December 09, 2002
Wind Power Rapidly Growing In Europe

Wind now supplies 28 million Europeans with electricity.

Europe's wind-driven energy has been growing at 40 percent a year. With a capacity of more than 20,000 megawatts installed on land, it now represents three-fourths of the world's total wind-power output. Europe hopes to raise this to 60,000 megawatts in the next six years. Much of that growth is expected to come from sea-based turbines.

Unfortunately, while the article is rather short on cost information (why didn't the NY Times editors demand the writer put this info in the article?) it doesn't sound like wind power is really cost competitive with other energy sources:

Then there is the issue of price. Industry spokesmen contend that, strictly speaking, the price of wind-driven energy is close to being competitive with other sources. They argue that traditional fossil fuels and nuclear energy get enormous hidden or indirect subsidies, to the tune of billions of dollars a year. For example, in some European countries, governments pay for the insurance of nuclear power plants.

The nuclear insurance costs are a poor example of a power subsidy because nuclear power is not the lowest cost method of producing electricity in the first place. Fossil fuels (I'm guessing natural gas in particular) are the lowest cost energy sources for generating electricity. What subsidies exist for them are mostly in the form of not forcing producers to pay all external costs generated by the pollution from burning the fuels. Such costs are hard to estimate.

I get annoyed by articles like this New York Times article. What it needed (and what the NY Times surely could have gotten from industry sources fairly easily) was a graph of historical cost trends in fossil fuel and wind power generation costs for new fossil fuel and new wind power generation facilities. If we want to project foward about the prospects for wind power it would be useful to know how rapidly it is closing the gap in costs as compared to other power sources.

Share |      Randall Parker, 2002 December 09 11:22 AM  Energy Tech

Philip Shropshire said at December 9, 2002 5:51 PM:

What are you so surprised about? You know that papers have space limitations don't you, besides both of us can just go down to the American Wind Association's website and check out all of their gusty optimistic data, which I tend to believe in by the way...

As far as the nuclear stuff, that's all true. It's not just that you have to expend a lot of money into burying the waste that keeps on giving for thousands and thousands of years, it's that the nation's 100 nuclear power plants have become the primo targets of terrorists.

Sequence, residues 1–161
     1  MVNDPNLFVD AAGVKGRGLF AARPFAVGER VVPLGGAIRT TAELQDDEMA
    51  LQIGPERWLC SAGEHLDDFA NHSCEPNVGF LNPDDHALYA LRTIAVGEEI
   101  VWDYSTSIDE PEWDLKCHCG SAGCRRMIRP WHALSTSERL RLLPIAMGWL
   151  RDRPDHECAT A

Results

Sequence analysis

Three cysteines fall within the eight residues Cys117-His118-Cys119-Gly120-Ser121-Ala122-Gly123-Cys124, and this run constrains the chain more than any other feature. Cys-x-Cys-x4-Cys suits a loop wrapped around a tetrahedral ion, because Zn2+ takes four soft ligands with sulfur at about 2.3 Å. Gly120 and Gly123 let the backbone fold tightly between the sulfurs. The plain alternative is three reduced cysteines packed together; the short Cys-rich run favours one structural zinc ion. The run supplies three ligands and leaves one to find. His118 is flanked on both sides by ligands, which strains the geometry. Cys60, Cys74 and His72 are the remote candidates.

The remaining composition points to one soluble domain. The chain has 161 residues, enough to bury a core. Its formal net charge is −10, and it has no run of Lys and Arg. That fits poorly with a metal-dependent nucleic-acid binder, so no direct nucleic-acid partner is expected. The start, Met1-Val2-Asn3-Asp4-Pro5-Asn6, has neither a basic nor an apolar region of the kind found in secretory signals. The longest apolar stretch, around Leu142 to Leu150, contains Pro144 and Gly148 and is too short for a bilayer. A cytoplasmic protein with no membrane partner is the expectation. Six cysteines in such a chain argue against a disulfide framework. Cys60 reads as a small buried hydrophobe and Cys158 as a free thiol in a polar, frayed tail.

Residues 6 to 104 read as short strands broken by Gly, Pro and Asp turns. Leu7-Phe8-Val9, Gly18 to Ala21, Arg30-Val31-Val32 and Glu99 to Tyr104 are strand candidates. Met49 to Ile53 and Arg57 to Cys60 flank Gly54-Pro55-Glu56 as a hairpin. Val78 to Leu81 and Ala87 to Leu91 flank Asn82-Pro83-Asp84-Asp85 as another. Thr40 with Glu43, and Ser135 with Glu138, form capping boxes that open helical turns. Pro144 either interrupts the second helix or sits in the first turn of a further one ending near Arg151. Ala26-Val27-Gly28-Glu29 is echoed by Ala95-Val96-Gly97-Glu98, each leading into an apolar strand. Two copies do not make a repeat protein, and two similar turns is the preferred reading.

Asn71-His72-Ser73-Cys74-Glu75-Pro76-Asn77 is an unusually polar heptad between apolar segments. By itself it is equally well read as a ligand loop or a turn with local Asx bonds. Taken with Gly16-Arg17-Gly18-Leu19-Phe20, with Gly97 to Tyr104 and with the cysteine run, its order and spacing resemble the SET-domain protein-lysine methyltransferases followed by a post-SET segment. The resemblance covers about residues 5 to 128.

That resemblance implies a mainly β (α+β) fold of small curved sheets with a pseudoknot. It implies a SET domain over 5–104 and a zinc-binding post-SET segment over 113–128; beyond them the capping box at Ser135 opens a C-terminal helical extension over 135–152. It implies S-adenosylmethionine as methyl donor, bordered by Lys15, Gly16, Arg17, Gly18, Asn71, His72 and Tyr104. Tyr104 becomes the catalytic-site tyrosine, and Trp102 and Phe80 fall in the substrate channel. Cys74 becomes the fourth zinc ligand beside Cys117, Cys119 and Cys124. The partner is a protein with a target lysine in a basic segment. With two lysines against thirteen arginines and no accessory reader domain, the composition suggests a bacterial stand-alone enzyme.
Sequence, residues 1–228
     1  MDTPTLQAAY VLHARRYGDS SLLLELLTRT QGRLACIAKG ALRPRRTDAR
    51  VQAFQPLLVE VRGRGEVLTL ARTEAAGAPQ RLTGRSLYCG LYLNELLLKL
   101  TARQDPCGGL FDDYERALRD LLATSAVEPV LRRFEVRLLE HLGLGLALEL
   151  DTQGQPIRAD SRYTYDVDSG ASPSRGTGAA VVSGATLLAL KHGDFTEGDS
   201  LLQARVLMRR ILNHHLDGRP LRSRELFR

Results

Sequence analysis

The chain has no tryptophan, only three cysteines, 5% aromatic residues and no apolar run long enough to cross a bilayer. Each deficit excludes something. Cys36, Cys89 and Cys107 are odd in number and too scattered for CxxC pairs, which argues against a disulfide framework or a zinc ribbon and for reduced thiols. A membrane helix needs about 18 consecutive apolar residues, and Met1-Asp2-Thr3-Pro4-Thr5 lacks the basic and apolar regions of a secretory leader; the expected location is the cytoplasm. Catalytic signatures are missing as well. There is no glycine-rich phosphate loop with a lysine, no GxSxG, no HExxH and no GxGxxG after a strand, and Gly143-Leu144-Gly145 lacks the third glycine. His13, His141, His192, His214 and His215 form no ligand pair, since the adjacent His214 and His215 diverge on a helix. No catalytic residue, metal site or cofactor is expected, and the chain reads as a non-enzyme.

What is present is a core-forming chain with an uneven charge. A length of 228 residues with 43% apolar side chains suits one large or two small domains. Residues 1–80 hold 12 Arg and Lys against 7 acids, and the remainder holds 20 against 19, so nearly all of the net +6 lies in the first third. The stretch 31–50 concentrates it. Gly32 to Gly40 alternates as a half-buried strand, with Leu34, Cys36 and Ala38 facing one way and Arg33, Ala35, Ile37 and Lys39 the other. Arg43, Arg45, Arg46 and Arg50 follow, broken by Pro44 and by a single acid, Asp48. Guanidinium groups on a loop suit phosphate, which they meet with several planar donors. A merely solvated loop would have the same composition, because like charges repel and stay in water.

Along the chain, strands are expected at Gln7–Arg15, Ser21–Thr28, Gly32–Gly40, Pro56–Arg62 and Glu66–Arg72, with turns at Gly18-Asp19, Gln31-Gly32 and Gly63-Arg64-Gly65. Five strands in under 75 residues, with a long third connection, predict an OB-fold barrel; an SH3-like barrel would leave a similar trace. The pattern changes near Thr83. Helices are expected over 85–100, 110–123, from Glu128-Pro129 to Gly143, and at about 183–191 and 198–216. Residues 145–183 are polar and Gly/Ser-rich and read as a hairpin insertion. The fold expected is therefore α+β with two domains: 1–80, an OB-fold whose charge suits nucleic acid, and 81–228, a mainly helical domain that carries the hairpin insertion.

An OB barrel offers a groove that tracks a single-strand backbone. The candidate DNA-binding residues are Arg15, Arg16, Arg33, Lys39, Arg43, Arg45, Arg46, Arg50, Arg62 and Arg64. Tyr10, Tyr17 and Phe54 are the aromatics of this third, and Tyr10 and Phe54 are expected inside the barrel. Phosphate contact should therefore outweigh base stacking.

Or as Public Citizen points out here and here:

"The House Subcommittee on Energy and Air Quality was wrong to vote today to reauthorize the Price-Anderson Act, which calls for the government - and therefore taxpayers - to foot most of the bill in the event of a nuclear power accident, Public Citizen said today.
Not only is it a bad idea to reauthorize the act, but lawmakers should gather much more information about the security of nuclear power plants before even considering the legislation, particularly in light of the events of Sept. 11, Public Citizen said. The nuclear power industry has a dismal record of passing mock security drills, and recent published reports indicate that nuclear power plants could not withstand the attacks perpetrated on the World Trade Center and the Pentagon.

"This is absolutely the wrong time for the Congress to be considering the extension of this program," said Wenonah Hauter, director of Public Citizen's Critical Mass Energy and Environment Program. "The current law doesn't expire until next August, but the leadership in the House of Representatives has put this legislation on a fast track. It's foolhardy to consider this until a full and thorough discussion of nuclear safety is conducted."

The Price-Anderson Act was passed in 1954 to help the nascent nuclear power industry get off the ground by providing government-backed indemnification in the event of any nuclear power accidents. Now, nuclear power plants must buy $200 million worth of insurance, and the industry's costs in the event of an accident would be capped at $9 billion. However, a nuclear accident would likely cost $500 billion, according to government estimates. The government would have to pay for what the nuclear industry doesn't cover. Under the pending legislation, the act would be reauthorized for 15 years. Public Citizen opposes the reauthorization, but says that if lawmakers do approve it, they should impose strict security requirements to protect against terrorism and assure the security of the reactors and surrounding communities."

And here's something specific about the security issues of nuclear power plants. (At my site, I joked that apparently Homer Simpson really does work for the nuclear security industry...!)